Published May 14, 2021
In planning, design, development, and preservation, our approach to education is place-based and people-based. This is a reflection of the ways in which we engage communities and offer pathways for improvement to help address pressing challenges.
Some faculty report that they are able to offer instruction in a focused way via digital conferencing tools. Certain class discussion are enhanced through digital conferencing, and some students are emboldened to engage more in discussions and group activities via Zoom than they would in an on-the-ground classroom.
In particular, the engaged teaching and learning setting of a studio-workshop course has sometimes been enhanced through digital conference, where team building and collaboration can happen and flourish. Students have benefited from experts and professionals from throughout the U.S. and across the globe visiting their classrooms as everyone adjusted to life in the pandemic and became more comfortable delivering presentations via Zoom. Our faculty members and instructors strive to create an inclusive learning environment that takes into account unique circumstances for class members and challenges that students might experience.
This reflection was originally written for our journal of student work, Intersight 23. View the digital publication here.
We do miss, however, the opportunity to assemble together in activated shared space for teaching and learning, to engage with client and community groups who are participants in and consumers of our work, and to experience first-hand the places that are the sites of our interventions in planning, design, development, and preservation.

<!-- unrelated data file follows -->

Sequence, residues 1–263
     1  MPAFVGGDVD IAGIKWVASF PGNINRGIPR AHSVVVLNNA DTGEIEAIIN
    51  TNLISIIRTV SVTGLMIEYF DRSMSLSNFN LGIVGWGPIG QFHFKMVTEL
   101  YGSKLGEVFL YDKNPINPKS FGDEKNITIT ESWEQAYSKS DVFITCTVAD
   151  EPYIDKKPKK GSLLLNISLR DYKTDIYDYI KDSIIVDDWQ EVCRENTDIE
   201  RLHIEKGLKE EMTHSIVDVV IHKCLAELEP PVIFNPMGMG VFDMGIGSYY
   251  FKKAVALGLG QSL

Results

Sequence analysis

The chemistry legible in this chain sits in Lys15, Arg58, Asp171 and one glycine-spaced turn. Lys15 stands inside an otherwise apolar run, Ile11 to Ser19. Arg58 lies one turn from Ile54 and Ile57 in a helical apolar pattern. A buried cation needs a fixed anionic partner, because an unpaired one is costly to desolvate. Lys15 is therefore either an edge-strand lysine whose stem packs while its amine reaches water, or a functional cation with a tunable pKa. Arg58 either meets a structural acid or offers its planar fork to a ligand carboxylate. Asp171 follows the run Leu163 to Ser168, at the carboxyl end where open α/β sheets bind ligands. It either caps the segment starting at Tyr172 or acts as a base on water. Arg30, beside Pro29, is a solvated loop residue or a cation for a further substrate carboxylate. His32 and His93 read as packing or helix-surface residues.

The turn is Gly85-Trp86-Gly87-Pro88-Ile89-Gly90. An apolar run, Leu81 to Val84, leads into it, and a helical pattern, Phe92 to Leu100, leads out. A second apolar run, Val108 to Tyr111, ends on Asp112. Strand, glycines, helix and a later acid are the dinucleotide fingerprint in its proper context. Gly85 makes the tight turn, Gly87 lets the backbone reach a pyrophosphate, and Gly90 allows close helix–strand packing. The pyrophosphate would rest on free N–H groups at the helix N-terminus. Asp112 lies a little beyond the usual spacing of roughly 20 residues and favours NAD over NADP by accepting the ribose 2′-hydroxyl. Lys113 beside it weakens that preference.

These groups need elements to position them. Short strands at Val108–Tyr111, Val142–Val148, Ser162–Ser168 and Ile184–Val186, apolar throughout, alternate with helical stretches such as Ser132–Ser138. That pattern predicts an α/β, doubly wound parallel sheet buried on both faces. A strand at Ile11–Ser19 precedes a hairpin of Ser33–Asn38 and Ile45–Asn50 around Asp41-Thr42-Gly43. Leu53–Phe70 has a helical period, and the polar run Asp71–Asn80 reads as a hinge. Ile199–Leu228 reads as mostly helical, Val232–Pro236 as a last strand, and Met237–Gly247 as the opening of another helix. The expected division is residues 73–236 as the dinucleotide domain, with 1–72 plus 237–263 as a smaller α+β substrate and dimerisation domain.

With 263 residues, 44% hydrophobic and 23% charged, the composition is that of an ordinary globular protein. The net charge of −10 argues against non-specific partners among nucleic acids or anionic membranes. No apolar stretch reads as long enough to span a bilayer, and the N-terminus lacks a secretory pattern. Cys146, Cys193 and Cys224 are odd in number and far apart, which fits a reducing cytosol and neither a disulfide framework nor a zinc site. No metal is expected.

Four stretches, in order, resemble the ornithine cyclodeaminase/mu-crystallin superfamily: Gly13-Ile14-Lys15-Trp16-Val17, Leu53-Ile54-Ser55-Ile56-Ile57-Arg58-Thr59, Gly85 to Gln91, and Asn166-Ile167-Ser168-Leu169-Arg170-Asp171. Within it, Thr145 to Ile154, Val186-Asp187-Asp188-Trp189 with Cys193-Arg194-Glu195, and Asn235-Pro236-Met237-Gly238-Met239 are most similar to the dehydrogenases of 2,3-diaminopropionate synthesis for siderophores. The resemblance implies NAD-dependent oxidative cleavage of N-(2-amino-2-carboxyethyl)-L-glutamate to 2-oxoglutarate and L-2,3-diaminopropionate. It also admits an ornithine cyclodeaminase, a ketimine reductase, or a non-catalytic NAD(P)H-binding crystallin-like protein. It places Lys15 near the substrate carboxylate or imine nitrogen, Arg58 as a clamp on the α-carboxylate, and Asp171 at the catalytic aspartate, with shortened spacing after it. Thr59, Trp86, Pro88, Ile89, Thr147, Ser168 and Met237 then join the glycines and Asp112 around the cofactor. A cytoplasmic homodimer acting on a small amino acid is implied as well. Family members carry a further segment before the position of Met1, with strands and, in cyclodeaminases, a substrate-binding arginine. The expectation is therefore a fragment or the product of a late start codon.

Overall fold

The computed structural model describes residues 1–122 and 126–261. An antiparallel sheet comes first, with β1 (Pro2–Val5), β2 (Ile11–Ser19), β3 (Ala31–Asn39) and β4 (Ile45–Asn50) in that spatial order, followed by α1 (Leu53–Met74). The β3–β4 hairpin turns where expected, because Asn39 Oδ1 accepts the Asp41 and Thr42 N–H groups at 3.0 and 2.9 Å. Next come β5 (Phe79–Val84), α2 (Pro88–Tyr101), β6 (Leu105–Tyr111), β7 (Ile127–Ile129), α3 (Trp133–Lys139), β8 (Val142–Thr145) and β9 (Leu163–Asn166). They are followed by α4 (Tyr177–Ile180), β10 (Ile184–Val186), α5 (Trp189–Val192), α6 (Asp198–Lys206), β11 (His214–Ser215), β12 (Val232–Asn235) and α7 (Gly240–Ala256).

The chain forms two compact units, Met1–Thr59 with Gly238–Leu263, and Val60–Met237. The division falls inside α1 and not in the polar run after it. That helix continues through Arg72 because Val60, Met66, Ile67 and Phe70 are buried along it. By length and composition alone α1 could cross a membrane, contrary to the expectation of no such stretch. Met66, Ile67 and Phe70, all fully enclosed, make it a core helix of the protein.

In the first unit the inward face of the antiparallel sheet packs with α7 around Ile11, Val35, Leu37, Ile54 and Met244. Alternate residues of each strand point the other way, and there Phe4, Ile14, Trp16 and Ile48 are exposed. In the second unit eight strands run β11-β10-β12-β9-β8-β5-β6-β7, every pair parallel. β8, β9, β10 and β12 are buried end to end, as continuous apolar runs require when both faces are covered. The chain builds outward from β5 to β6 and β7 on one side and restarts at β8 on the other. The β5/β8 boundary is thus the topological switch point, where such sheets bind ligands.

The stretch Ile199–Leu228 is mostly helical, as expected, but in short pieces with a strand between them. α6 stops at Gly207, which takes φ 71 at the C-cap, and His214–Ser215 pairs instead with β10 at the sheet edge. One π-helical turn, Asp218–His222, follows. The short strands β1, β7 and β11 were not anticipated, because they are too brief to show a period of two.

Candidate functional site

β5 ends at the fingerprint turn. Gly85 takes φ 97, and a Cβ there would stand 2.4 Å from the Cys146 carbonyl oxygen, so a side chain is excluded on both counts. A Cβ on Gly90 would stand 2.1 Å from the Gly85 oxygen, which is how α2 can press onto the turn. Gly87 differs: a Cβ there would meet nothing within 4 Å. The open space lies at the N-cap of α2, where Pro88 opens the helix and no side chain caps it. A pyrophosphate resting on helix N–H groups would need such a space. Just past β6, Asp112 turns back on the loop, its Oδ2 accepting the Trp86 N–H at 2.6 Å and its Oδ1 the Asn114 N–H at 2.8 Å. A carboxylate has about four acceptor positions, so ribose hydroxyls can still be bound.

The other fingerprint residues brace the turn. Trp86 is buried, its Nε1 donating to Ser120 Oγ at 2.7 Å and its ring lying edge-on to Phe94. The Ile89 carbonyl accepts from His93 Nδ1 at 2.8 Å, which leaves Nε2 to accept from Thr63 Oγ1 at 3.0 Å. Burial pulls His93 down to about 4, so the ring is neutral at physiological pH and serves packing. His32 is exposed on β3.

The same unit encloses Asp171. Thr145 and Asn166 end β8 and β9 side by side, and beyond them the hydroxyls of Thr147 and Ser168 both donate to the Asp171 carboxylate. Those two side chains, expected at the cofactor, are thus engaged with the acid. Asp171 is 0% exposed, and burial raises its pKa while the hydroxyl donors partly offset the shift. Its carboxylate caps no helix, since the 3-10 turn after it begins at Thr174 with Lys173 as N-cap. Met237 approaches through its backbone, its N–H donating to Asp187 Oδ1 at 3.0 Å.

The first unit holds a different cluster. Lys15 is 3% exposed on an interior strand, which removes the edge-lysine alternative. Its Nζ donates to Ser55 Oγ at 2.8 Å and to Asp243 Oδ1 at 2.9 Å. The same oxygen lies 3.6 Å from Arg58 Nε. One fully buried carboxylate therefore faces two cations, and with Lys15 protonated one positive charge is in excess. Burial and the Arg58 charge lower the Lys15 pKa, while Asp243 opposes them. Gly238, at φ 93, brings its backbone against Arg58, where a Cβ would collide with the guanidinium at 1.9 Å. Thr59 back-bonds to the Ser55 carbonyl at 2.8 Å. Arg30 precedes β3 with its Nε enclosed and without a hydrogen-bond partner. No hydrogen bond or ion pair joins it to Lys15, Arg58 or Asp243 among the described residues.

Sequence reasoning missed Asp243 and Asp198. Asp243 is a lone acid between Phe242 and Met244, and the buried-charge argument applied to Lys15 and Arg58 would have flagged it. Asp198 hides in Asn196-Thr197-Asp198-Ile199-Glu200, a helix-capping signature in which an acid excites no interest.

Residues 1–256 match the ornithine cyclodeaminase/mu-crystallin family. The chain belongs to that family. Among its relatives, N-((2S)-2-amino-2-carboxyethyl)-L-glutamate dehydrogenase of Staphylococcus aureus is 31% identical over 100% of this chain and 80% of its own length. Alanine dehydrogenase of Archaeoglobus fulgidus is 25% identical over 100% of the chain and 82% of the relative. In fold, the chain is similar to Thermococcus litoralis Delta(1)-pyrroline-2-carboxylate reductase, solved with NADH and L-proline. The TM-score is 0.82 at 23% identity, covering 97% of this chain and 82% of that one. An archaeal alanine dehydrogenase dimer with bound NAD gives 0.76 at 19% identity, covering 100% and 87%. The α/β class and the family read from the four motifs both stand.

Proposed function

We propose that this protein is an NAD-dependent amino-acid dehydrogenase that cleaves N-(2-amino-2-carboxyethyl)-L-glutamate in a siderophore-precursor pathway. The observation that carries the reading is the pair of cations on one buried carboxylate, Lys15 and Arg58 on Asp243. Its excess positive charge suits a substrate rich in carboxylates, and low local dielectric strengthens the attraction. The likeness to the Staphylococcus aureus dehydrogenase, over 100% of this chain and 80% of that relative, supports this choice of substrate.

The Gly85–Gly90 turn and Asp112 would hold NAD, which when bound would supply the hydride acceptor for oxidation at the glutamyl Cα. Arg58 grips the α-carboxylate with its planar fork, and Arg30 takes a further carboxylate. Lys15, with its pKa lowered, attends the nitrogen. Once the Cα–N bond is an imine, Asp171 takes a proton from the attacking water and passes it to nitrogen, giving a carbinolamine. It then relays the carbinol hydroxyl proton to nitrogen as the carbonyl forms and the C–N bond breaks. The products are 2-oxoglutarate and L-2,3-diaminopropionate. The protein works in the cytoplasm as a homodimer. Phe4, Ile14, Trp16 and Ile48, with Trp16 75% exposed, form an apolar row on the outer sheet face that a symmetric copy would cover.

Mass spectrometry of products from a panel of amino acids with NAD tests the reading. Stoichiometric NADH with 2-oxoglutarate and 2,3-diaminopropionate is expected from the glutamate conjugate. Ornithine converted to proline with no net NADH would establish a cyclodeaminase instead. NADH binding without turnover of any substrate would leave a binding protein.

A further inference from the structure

Our faculty members have demonstrated both resilience and flexibility during the pandemic in the continuation of their research and scholarship. This is a point of pride for us. Faculty members have applied for - and been awarded - more research grants. I consider this a significant accomplishment in our remote work environments and given all of the complications that the COVID-19 pandemic has brought us. Many faculty researchers have adjusted/modified their research programs to accommodate experiences related to the pandemic. In the department chair’s office, Norma Everett and I miss seeing students on a day-to-day basis, but we have smoothly adjusted advising, student support, and other administrative aspects of students’ academic programs to a distance/remote format. This has been effective so far; however, we look forward to a return to greater in-person engagement.
We are in the process of gauging the after-effects of our pivot to remote learning during the pandemic. Some aspects of remote instruction may remain with us. And we will take away certain things we discovered about teaching and learning planning, design, development, and preservation. In planning the future of our academic programs, we will keep in mind the student experience, as we try to create inclusive settings for engaged learning.